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The language of inquiry

We’re taking time to read a poem. There’s some difficult language.

“I see ‘faux pas,’ I am curious what it means..” muses one boy.

Several classmates immediately pipe up.

“It’s French..”

“Pas means not, so it’s not something…”

“I wonder, what is ‘faux’?”

In the background I ponder the first student’s use of language. He didn’t say “I don’t know” he saw something and was curious. He invited a conversation not about the right answer, but on making connections to prior knowledge and opening up further questioning.

And now I had a question.

How often do teachers hear the phrase “I don’t know” each day?

  • “I don’t know how to spell …”
  • “I don’t know where my book is.”
  • “I don’t know how to put a title on my iMovie…”

Did you spot the pattern? It’s of dependence, not curiosity. It’s a child looking for a fix, usually from an adult. What has the child learned by asking that question? When they sound the “I don’t know” alarm all they need to do is wait for the firetruck to show up.

Today’s interaction made me wonder.

As a teacher am I both arsonist and the firefighter by quickly answering the “I don’t know..” alarm with a “how might we find out…?”

“I am curious” invites conversation and genuine collaboration. The phrase creates an environment for children to make connections to their ideas and those of their peers.  It enables children to be an active participant in constructing meaning rather than relying on the teacher for the answer.

As an inquiry teacher I used to think that inquiry meant harnessing the power of the “I don’t know.”

Now I think developing a culture where children take time to see and reflect on what they see before they think and wonder breathes life into that PYP attitude of curiosity hanging on the wall.

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What does your blog really say about learning?

I need to blog.

After spending nearly 18 months forcing myself to update daily, I haven’t posted in 5 months.

Like Royan, I don’t quite feel right when I’m not blogging yet I also struggle with putting my thoughts out there for others to read.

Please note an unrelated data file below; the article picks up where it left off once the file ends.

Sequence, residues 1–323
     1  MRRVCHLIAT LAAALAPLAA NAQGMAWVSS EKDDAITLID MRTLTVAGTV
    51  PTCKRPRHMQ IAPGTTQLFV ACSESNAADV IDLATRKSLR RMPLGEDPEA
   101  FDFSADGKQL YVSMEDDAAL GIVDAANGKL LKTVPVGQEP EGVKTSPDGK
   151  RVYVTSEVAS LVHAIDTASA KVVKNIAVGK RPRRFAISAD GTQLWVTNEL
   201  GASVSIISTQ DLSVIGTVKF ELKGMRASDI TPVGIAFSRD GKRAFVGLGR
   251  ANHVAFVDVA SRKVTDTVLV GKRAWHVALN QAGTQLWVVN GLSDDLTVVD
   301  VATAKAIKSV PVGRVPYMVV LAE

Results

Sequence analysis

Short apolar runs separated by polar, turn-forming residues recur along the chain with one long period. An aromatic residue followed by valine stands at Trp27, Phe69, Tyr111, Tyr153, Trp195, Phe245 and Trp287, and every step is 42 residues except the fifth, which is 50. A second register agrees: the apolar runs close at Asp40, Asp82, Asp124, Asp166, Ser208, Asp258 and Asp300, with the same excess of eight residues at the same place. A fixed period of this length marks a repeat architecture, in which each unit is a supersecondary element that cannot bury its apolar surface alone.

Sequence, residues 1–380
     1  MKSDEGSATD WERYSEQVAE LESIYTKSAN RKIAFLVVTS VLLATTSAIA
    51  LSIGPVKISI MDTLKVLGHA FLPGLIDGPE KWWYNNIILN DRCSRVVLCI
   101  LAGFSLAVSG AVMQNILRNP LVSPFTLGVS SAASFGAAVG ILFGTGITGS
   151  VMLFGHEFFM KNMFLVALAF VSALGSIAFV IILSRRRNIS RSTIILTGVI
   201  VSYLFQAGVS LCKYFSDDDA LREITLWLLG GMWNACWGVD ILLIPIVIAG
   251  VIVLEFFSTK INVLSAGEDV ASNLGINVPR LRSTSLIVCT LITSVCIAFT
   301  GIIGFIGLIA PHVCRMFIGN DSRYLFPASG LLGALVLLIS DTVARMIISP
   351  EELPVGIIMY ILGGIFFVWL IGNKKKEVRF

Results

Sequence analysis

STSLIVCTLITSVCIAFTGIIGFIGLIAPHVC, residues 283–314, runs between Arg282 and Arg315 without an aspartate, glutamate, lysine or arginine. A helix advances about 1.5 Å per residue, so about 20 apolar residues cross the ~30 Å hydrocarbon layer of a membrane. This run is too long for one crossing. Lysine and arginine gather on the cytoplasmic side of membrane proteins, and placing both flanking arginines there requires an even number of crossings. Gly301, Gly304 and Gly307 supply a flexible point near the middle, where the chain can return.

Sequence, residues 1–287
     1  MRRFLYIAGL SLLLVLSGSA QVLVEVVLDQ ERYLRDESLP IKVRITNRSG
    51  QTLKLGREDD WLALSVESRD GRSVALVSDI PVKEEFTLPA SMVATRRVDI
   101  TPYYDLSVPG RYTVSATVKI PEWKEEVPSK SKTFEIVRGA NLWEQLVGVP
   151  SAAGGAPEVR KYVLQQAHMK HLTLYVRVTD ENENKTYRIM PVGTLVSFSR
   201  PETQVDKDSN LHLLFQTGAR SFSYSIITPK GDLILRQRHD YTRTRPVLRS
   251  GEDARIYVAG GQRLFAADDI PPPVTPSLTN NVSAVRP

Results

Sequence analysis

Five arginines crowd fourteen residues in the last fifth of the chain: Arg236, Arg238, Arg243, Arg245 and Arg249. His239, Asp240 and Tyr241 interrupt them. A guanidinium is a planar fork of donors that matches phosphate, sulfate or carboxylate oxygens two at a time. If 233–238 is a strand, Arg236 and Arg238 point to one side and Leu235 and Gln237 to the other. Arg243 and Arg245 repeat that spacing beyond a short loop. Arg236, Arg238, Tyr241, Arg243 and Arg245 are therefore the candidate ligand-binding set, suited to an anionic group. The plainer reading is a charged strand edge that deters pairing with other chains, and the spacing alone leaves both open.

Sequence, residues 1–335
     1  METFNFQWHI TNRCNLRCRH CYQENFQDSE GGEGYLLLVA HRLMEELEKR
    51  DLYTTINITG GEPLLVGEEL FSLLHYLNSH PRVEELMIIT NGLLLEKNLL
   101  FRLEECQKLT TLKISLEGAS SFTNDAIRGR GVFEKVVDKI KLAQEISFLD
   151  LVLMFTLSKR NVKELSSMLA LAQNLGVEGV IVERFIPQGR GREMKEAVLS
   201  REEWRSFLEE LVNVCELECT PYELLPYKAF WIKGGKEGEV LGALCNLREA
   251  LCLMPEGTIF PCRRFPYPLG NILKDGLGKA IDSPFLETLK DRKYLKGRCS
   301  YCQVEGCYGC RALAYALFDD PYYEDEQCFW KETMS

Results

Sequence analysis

I could blame being busy with teaching, masters study, lack of ideas etc. but the truth is I had a big case of writer’s stage fright.

The nature of the online edusphere has changed in the last few years. Less conversational and more personal branding.

  • Quotes in stock images.
  • Pinterest worthy infographics.
  • Auto-tweets of content.
  • 5 quick steps to classroom bliss.
  • Instagramworthy learning moments.

Sharing online feels more like it needs to be more polished. Conversational thoughts of ‘I tried something and this what I learned’  are often tempered with ‘if I’m asking someone to give me their attention, the content should be worth it…’

And even that word, content, sends shivers up my spine.

For me, teaching is a craft. A constant work in progress, not a series of beautiful updates. We should be telling our stories but also questioning our practice. Not just in our heads but also in the online sphere.

  • When was the last time you shared a #teacherfail and what you learned from it?
  • How do you document the shifts in your practice? Do you take the time to share the bumps or just the successes?
  • When did you question another person’s practice online?
  • What does your online presence really say about learning?

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Using visible thinking to inform reporting

Phew.

Another round of reports over and done with.

One of the easiest parts of the reports to write this session was our unit of inquiry.

In the past I’d be pouring over rubrics, student work and tearing my brain for memories of classroom conversations.

This year I used the data the children had gathered through doodlecasting and they were the easiest comments to write.

No longer was I just using artefacts of what the kids have ‘done’ but what the kids think about what they’ve created. Hearing the children explain in their own words about the concepts gave me a really clear picture in my head of the child when writing their comments.

I wish I had a way to link the comments to the evidence of the children’s learning directly into the reports to add an extra dimension to my observations.